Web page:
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Macau billionaire charged with lying about cash he brought to the U.S., federal prosecutors charge

A billionaire from Macau once linked to Clinton-era campaign finance scandals has been arrested and charged in federal court in Manhattan with lying about $4.5 million in cash he brought into the United States in a complaint made public late Monday.

Ng Lap Seng, 68, and interpreter Jeff Yin, 29, are accused of bringing six-figure chunks of money into the country 11 times since 2013, declaring it and telling border agents it was for art, real estate, gambling or antiques -- but actually using it for a different, still-secret purpose.

Prosecutors said at a weekend bail hearing, according to a transcript, that Yin admitted after his arrest "that among other things that cash was sent to people to engage in unlawful activities."

Real estate magnate Ng, linked to Chinese businessman Charlie Trie's effort to funnel foreign money to Democrats for the 1996 election, was held without bail Saturday after the government told a judge his enormous wealth made him too much of a flight risk.

Prosecutor Janis Echenberg said Ng was worth more than $1.8 billion, made $25 million a month, had private planes worth $30 million, had wired $20 million into the U.S. since 2010, and when arrested had 20 credit cards, three phones, $30,000 in Hong Kong currency and a gold and diamond encrusted watch worth $200,000.

She also told Magistrate Sarah Netburn that Ng had previously dodged a grand jury subpoena in a different case, and had absented himself from the United States for five years after his name surfaced in the probe that led to Trie's conviction on campaign finance charges.

"We think this is indicative of his unlikeliness to return if he is released," Echenberg said.

Kevin Tung, a Queens lawyer representing Seng, told the judge Seng had a $3.2 million Manhattan apartment he could post to secure his return, as well as a reasonable amount of cash and would agree to electronic monitoring.

"People being rich, that doesn't mean he is a criminal," he told the judge. In an interview, Tung said Ng should be presumed innocent, noting that he declared all his cash when he entered the United States and might have just changed his mind after telling agents his plans.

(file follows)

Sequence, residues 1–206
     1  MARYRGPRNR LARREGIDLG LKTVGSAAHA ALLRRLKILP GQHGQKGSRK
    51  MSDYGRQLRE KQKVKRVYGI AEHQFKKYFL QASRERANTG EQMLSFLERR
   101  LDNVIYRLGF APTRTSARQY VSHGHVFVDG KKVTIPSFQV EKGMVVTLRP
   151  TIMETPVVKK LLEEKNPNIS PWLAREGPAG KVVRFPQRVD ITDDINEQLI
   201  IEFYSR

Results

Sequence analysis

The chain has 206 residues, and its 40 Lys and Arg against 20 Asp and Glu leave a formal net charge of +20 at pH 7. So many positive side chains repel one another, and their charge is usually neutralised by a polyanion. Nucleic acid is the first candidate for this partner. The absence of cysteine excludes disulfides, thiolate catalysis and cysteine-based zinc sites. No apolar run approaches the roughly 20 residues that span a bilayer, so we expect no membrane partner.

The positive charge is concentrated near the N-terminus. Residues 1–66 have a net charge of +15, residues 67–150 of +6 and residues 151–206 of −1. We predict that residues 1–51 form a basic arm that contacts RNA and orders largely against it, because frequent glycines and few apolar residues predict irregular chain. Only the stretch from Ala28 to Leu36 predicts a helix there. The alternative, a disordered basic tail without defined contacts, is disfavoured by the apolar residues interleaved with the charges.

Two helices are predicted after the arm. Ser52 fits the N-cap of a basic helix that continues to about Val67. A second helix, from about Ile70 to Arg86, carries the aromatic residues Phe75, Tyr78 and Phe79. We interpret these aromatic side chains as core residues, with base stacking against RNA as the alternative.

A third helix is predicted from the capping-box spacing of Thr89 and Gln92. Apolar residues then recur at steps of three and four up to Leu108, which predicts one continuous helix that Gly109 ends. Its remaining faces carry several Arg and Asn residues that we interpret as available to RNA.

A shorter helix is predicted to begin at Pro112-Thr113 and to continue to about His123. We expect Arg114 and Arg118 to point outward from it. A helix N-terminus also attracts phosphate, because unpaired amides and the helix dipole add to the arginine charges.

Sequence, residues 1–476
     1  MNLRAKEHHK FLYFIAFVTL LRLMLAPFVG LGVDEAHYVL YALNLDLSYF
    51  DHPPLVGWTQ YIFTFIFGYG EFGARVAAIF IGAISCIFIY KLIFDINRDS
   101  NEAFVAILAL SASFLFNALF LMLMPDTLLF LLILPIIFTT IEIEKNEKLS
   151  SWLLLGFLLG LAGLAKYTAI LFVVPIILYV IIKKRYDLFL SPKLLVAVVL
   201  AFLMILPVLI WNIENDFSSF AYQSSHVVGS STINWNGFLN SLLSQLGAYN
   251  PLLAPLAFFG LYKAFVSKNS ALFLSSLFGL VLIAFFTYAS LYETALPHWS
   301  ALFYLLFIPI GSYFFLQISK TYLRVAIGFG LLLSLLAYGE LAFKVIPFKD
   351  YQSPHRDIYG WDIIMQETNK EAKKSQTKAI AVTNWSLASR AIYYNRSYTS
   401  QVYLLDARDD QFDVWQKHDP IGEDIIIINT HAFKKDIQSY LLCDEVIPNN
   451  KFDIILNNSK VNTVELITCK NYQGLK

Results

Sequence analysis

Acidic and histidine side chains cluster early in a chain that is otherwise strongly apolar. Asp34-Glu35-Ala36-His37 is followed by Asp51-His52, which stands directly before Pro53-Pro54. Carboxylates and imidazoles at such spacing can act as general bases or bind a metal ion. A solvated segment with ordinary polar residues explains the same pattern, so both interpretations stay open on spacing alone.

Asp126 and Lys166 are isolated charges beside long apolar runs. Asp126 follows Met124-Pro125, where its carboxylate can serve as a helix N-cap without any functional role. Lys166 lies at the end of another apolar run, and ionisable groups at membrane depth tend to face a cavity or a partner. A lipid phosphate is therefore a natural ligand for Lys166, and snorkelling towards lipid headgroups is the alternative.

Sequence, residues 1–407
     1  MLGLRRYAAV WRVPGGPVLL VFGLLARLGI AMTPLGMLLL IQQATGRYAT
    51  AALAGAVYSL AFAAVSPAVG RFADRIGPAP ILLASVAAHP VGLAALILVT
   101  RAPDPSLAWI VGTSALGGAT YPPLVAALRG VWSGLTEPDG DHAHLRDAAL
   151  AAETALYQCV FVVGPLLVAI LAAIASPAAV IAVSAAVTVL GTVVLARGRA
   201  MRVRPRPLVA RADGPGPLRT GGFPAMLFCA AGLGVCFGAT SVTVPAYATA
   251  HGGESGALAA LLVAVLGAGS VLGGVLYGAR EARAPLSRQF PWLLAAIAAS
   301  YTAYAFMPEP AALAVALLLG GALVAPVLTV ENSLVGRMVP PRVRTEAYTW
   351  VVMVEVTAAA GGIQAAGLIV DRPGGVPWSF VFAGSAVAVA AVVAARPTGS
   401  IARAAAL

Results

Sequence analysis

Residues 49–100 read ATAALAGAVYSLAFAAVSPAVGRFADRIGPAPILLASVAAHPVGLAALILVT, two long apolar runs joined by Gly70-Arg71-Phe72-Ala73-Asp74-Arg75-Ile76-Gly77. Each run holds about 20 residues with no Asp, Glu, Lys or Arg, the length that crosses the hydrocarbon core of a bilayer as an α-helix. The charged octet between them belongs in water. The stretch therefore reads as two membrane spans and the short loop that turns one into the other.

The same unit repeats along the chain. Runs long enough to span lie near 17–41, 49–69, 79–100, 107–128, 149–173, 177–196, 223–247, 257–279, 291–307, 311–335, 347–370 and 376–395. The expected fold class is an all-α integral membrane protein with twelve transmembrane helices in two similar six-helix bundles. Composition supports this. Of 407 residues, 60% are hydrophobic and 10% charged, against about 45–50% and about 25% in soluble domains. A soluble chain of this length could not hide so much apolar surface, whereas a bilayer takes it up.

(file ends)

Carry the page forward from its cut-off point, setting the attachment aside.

Yin, the translator, had a $1 million bond set with $250,000 in cash required, and is also still in custody. Both men were arrested Saturday, after a short stay in New York that prosecutors said included a visit to an unnamed business associate on Long Island.

A preliminary hearing is scheduled for Oct. 5.

According to the complaint, Ng and Yin have been coming to the United States multiple times a year since 2007, often by private plane, for short stays -- from a couple days to a week, and on the trips since 2013 has declared amounts from $200,000 to $900,000.

The government said that on one trip in 2014, Ng said he was going to be gambling in Las Vegas, but when asked how he would be able to do that during a three-day stay, he changed his story and said he was going to buy art.

He was unable to name who he was buying it from, the government said, and surveillance during the trip indicated he did not meet with any art or antique dealers, but was accompanied by a man identified as "Individual 1," who had originally told investigators that he worked for the airline Ng flew on.

On his way out, the government said, Ng did not file a declaration saying he was taking out any of the money he had brought in.

On his latest trip, Ng declared $500,000 when he landed in Anchorage, Alaska, and told agents he intended to spend it on real estate in New York, the criminal complaint said.

But he toured no properties once he arrived, the government said, instead staying at a house on Long Island owned by an unnamed "Business Associate 2" -- identified as an "extraordinarily wealthy connected Chinese businessman" who travels regularly with Ng -- and later at the Waldorf in Manhattan.

The lead prosecutor on the case is a member of the public corruption unit in the Manhattan U.S. attorney's office.

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